Apple Brandy Cordial
For 12 servings
2 1/4 cups brandy
1 1/2 cups apple juice
1 cup Cointreau
3/4 cup fresh lemon juice
1 1/2 teaspoon Angostura bitters
Apple slices for garnish
In a large pitcher, combine all ingredients and stir. Serve over ice with apple slices
Cocktail Party Food
How much food do I need for my event? There are a few things to think about when planning a cocktail party with food: First, what time is my party? Will it be held during dinnertime hours? And who is my crowd? Is it a group of your girlfriends, or is it with co-workers and their significant others?
The time of the event and who will be invited will help you determine how much to prepare. If the party is outside of typical dinnertime, five or six hors d’oeuvres will do, planning on each guest eating one or two of each one. If the party is during dinner hours, you want to have enough food that it constitutes as a meal. We suggest eight hors d’oeuvres, three hearty, three lighter/dips, and two sweet/dessert. If you have a lot of men at the party, they tend to eat more and will appreciate more substantial foods, whereas women tend to eat less and lighter foods.
There are quick and easy ways to create a beautiful spread for your guests while barely messing up your kitchen. Think simple, but elegant. Easy, but delicious. Meatballs in grape jelly is not only a hit, but they are tasty and super easy to prepare. Throw it all in a crock pot and walk away. Puff Pastry cups from Pepperidge Farms – these are a gift to all entertainers. Bake them and fill them with savory or sweet goodness and your guests will be thrilled. Don’t be afraid to mix it up and challenge people’s thoughts of party food. Make a batch of your favorite soup, like butternut squash, and serve it in shot glasses topped with cream. Bring back classics like green goddess dip with vegetables or warm artichoke spinach dip served in a sourdough bowl. And easiest of all, take the classic meat and cheese tray and give it a modern spin.
Our local HyVee on Locust has recently opened a charcuterie (shar-coo-ter-ee) department, and for those of us whose world revolves around all things food, we all did a united happy dance. Charcuterie is a branch of cooking that is devoted to prepared meats, such as sausages, hams, bacon, pâtés, and other goodies with a strong prominence on pork. The options are plentiful and equally diverse in flavors and characteristics.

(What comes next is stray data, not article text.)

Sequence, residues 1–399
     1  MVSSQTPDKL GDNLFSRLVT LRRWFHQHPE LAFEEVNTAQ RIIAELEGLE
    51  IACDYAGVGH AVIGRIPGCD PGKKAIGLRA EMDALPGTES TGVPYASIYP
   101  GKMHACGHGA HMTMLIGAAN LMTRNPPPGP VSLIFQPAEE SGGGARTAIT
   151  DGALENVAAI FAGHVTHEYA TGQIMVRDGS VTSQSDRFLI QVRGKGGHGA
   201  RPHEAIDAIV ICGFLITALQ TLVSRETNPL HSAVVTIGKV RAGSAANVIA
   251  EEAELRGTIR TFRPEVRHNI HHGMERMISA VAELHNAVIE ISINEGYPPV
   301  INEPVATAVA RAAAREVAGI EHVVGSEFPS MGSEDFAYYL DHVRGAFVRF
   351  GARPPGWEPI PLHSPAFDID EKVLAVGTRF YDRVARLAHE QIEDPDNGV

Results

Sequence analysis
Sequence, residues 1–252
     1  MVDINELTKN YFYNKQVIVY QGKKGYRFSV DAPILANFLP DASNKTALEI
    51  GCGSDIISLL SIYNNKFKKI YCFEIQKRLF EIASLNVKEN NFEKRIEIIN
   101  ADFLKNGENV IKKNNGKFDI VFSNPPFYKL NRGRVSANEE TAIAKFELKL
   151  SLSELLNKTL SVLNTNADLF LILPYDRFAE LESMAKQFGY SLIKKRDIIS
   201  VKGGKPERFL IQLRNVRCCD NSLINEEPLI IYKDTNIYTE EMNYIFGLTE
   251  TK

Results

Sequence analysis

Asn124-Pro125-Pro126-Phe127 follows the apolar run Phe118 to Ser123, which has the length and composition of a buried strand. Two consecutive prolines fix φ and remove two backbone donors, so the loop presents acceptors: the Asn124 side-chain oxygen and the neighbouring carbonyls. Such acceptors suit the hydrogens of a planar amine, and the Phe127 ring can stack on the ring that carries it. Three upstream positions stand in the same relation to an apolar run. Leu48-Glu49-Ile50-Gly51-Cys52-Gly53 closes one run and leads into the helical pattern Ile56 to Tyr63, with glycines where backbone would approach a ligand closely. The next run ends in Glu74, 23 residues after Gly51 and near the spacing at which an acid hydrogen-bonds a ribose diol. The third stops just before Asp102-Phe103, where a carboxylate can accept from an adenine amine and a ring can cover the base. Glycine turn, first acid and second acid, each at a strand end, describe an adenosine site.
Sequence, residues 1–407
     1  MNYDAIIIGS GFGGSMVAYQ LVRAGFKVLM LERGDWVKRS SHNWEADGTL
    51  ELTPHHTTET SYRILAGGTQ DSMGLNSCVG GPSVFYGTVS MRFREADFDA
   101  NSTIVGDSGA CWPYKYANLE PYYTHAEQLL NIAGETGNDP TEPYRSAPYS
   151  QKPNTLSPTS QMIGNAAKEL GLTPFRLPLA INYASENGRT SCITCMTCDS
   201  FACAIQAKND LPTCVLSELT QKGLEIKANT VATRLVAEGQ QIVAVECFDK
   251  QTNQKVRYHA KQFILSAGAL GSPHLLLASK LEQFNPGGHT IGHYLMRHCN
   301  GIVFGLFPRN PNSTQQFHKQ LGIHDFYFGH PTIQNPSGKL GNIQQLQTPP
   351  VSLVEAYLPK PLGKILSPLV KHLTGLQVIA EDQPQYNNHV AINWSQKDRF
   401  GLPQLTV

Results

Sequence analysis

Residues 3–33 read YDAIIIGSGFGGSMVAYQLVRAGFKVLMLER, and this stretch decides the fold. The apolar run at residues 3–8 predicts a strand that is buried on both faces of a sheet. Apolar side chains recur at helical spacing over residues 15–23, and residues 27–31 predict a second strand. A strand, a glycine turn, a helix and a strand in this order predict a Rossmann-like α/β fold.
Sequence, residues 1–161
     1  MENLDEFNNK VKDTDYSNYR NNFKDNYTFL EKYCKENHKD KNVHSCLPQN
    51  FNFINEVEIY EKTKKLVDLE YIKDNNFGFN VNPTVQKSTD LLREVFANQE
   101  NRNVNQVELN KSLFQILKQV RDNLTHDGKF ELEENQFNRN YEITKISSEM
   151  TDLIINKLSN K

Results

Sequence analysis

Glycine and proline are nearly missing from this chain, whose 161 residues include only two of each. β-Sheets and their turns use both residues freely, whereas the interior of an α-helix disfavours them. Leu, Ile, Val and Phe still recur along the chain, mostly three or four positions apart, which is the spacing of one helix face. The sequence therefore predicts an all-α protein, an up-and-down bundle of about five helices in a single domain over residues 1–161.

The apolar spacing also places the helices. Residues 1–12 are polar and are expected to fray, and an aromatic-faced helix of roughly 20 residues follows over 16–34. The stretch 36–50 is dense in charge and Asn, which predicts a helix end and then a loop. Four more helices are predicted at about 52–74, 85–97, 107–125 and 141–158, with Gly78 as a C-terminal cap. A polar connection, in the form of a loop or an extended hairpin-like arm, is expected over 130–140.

For many who are not familiar with charcuterie, the fancy name and strange sounding meats may seem intimidating, but just look at it as you did when you stepped away from the cubed cheddar and put out a round of warm Brie instead. Neither is bad, but the Brie just takes it up a notch and the fine people at the charcuterie department are there to help you pick just the right meats for your party. They will even let you try it first.
HyVee keeps the charcuterie meat geared to our community; you have ample choices, but nothing too crazy. They offer six types of prosciutto (pro-shoo-toe), an Italian style dry cured ham. Many of you have had prosciutto, most likely wrapped around a piece of melon. Prosciutto has a sweet and salty taste that pairs well with fruit and bread. The great part is, there is a local Iowa company, called La Quercia, that focuses on artisan salumi (Italian cold cuts) and dry cured meats from humanely raised, heritage bred meats – great quality meats that are locally raised and processed.
Speck is in the prosciutto family, but it is cold smoked versus being dry cured. The Speck Americano they carry is cold smoked over Applewood, which adds a depth of sweetness and a touch of that open fire taste. They have a variety of salami, including Italian dry salami and Genoa salami, two of my favorites. Soppressata (so-pray-sah-tah) has a whisper of chile de arbol, fennel, and sherry wine, giving it a bit of a kick with a sweet finish. Placed on a piece of crusty bread with a smear of stone ground mustard, the party has begun.